4. Use a breastfeeding pillow. A breastfeeding pillow will elevate your baby and make it easier to get a proper latch. I’ve tried both the Boppy and the My Brest Friend, and my personal preference is the Boppy. The My Brest Friend has to wrap around your lower back, and I found that it caused me back pain unless I put an extra pillow for support behind my upper back. It’s also not as easy to put on when you’ve got the baby in one hand and are trying to bring the strap around and buckle it with the other. Plus, the Boppy can serve other purposes as your baby gets older – it can be used for tummy time or a prop to assist your baby with sitting up.
5. Lanolin is good, but breastmilk is better. Lanolin is most often recommended as a remedy for sore, cracked nipples because it is safe for baby. However, I found that breastmilk worked even better. After your baby finishes nursing, rub a little breastmilk on your nipples and let them air dry for a little bit. Within days, I was on the mend.
6. Relax, and rest when baby rests. Stress and lack of sleep can negatively impact your milk production. It’s the age old adage, but it is a necessity. To reduce stress, accept help and ask for it if needed. Take a hot shower or warm bath.
7. Follow your baby’s cues, and not the clock. Don’t stress over how long your baby feeds. Instead, let your baby suck at one breast until they fall asleep or pull away; then offer the other but don’t fret if they don’t accept it. Just offer that side the next time. I used to try to ensure that my baby fed from both breasts at each feeding, but I learned that doing so doesn’t allow the baby to get as much of the more nutrient-rich hindmilk that comes as the feeding progresses. When it comes to frequency, it’s advised that you wake your newborn every 4 hours to feed if they’re not waking on their own to feed, but once a pattern of weight gain is established, it’s ok to let them sleep and feed on demand.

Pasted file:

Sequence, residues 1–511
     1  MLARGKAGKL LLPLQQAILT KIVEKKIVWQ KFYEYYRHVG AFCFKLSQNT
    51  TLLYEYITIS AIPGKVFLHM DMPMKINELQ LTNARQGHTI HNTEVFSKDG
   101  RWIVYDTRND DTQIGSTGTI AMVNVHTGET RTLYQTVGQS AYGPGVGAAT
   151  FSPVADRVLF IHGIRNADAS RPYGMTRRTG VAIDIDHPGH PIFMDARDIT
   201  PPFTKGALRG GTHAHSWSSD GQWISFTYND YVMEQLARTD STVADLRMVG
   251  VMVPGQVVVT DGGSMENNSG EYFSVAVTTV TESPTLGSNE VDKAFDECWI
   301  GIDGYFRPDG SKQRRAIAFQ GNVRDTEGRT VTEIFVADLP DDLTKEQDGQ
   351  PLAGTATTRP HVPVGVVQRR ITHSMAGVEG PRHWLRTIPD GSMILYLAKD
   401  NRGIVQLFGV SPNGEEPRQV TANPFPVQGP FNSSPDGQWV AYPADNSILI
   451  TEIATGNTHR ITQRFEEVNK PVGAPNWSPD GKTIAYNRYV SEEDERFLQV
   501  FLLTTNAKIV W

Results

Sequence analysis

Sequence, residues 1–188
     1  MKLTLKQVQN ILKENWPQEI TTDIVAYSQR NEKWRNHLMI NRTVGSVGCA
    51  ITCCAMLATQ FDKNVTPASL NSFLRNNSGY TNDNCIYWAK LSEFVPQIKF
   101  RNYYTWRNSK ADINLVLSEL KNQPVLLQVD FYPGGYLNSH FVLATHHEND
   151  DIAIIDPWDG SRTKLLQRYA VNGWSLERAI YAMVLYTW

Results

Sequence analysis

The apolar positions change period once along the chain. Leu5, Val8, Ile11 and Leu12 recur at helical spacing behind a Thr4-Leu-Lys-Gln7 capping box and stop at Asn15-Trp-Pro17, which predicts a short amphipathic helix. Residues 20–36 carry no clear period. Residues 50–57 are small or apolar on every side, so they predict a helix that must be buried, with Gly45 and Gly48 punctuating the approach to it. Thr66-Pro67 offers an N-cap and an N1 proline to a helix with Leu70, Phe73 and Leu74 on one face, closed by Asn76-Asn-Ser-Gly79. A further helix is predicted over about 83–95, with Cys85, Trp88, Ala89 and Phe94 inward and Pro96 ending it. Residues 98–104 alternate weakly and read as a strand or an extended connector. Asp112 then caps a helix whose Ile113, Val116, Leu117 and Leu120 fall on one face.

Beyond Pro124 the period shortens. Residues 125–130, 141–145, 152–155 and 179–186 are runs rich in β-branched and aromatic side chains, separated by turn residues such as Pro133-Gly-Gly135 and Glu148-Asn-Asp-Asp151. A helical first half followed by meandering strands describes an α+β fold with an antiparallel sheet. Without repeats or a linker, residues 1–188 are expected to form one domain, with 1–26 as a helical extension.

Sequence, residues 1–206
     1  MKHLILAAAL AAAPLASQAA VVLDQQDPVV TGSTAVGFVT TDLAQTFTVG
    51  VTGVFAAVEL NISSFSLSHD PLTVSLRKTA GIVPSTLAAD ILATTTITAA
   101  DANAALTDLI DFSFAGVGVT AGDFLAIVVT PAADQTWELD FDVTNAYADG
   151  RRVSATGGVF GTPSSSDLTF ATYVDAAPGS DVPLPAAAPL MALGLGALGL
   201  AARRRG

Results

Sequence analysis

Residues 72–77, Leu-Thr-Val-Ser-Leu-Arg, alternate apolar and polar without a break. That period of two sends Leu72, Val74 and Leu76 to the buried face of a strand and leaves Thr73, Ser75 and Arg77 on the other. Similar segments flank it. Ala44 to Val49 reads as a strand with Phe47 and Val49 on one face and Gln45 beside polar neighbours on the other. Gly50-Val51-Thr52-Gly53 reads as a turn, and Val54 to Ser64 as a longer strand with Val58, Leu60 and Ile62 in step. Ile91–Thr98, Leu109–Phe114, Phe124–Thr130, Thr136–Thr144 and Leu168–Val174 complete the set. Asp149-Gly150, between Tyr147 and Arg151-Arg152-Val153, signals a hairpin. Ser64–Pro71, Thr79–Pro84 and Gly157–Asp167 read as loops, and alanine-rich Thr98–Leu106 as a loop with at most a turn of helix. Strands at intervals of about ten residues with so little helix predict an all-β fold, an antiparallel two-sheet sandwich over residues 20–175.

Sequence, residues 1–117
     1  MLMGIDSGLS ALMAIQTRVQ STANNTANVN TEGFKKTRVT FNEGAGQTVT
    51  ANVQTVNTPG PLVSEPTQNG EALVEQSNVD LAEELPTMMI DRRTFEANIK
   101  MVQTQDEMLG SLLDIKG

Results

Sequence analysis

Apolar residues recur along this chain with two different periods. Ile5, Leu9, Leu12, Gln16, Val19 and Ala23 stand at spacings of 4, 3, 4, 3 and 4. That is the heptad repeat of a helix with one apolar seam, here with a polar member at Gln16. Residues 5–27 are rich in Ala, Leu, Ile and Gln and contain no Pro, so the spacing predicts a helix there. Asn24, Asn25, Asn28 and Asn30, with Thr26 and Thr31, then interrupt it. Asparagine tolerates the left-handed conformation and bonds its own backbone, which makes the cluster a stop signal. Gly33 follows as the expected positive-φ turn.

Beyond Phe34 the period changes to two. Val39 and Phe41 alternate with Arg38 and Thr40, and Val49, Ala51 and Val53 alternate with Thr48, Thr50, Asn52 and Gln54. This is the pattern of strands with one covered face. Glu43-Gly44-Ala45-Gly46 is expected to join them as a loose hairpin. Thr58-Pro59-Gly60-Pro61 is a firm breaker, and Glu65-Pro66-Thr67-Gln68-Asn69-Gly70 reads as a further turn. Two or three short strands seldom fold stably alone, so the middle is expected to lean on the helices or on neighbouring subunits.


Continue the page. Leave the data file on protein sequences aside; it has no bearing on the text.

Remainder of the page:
8. Stay hydrated and fed. Your body needs fluids to make fluids. Drink a glass of water at each feeding. Your body also needs calories. Keep lots of easy to eat fruit and healthy snacks handy. Unless someone was making me a meal, I found it difficult to get good nutrition in the early weeks. It was much easier when I kept things around that I could pick at throughout the day or eat easily while feeding or tending to my baby.
9. Wait to introduce the bottle. It is recommended that you wait at least 3-4 weeks before introducing a bottle or pacifier. Introducing either too early can cause issues either because bottle nipples require different mouth and tongue motions or because baby gets used to a different flow as seemed to be the case with mine. I’m not entirely convinced about the same issue with pacifiers – I introduced the pacifier in the first week with my second baby because she was using me as one ‘round the clock, and we had no issues. We used the Soothie pacifiers that are offered at the hospital.
10. Approach breastfeeding in stages. While I hoped from the beginning to nurse my baby until she could transition to cow’s milk, I found it helpful to set milestones for myself along the way. Start by taking it a day at a time, then aim to get through the first few weeks, and then months. The milestones I set for myself were (1) the first week, (2) two weeks, (3) 1 month, (4) 3 months, (5) 6 months, (6) teeth, (7) 9 months, and finally (8) 1 year. From there, we weaned slowly as my baby was ready.
Since breastfeeding can be a different experience for everyone, I’d love to hear any tips you have to share as well. Just leave a comment above!
To subscribe to Purebebe, click on “Sign me up!” under “Email Subscription” on the right rail of the screen.
You Might Also Like: